In the city of Virgin Mary…
On October 18th, 1881, a French priest, the Abb Julien Gouyet of Paris, discovered a small stone building on a mountain overlooking the Aegean Sea and the ruins of ancient Ephesus in Turkey. He believed it was the house where the Virgin Mary had lived in the final years of her life on earth as described in the visions of the German nun Anne Catherine Emmerich (1774-1824), who had never been to Ephesus during her lifetime, published in detail in a book by Clemens Brentano.His discovery was not taken seriously at the time but ten years later, in 1891, two Lazarist missionaries from Smyrna rediscovered the building, using the same source for a guide. It was then learned that the four-walled, roofless ruin had been venerated from time immemorial by the members of a distant mountain village who were descended from the Christians of Ephesus. They called it Panaya Kapulu (“Chapel of the Most Holy” see Panagia), believed it was there that she had died and had every year made a pilgrimage to the site on August 15th, the date on which the rest of the Christian world celebrated Mary’s Assumption from Jerusalem.The discovery in fact revives and strengthens a constant and ancient Christian tradition, ‘the tradition of Ephesus’, which has always competed with the ‘Jerusalem tradition’ concerning in particular the place of the Blessed Virgin’s passing from this world.

Click to see the greater photo… You have never been so close to history…
The city of Ephesus itself was founded as an Attic-Ionian colony in the 10th century BC on the Ayasuluk Hill, three kilometers from the center of antique Ephesus (as attested by excavations at the Seljuk castle during the 1990s). The mythical founder of the city was a prince of Athens named Androklos, who had to leave his country after the death of his father, king Kadros. According to legend, he founded Ephesus on the place where the oracle of Delphi became reality (“A fish and a boar will show you the way”). Androklos drove away most of the native Carian and Lelegian inhabitants of the city and united his people with the remainder. He was a successful warrior and, as king, he was able to join the twelve cities of Ionia together into the Ionian League. During his reign the city began to prosper. He died in a battle against the Carians when he came to the aid of Priene, another city of the Ionian League. Androklos and his dog are depicted on the Hadrian temple frieze, dating from the second century. Later, Greek historians such as Pausanias, Strabo and the poet Kallinos, and the historian Herodotos however reassigned the city’s mythological foundation to Ephos, queen of the Amazons.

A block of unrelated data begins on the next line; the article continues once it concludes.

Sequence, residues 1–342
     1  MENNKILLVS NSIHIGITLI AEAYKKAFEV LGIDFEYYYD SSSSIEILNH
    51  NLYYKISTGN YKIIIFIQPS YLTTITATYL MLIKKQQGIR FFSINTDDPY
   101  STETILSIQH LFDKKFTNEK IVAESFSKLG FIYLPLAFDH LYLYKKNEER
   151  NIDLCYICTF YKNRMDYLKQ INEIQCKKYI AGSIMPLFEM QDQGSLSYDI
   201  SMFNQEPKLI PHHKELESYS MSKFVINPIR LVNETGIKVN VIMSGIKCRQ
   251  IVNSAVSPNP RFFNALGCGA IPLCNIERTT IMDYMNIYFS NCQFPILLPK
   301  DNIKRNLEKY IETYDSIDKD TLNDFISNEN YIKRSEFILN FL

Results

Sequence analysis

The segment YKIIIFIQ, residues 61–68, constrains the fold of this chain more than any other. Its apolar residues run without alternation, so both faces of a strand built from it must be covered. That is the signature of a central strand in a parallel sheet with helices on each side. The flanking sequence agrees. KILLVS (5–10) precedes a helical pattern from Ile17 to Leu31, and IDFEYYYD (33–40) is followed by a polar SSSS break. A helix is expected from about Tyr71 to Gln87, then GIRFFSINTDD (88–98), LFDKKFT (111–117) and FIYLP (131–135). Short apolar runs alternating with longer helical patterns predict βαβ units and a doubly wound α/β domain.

Click to see the greater photo… Feel sun and sea on one of the best beaches in the world…

Kusadasi :
The city stands on a bay in the Aegean with the peninsula of Guvercin Ada sticking out into the sea at one end, and the mountain of Kaz Dagi behind.It is 90 km (56 mi) south of Izmir, the region’s largest metropolitan center. It is 71 km (44 mi) from the provincial seat of Aydin situated inland.

Cesme :
A coastal town and the center-town of the district of the same name in Turkey’s western-most end, on a promontory on the tip of the peninsula which also carries the same name and which extends inland to form a whole with the wider Karaburun Peninsula. It is a popular holiday resort and the district center, where two thirds of the district population is concentrated, is located 85 km. west of Izmir, the largest metropolitan center in Turkey’s Aegean Region, the road connection between the two cities being assured by a recently-built six-lane highway.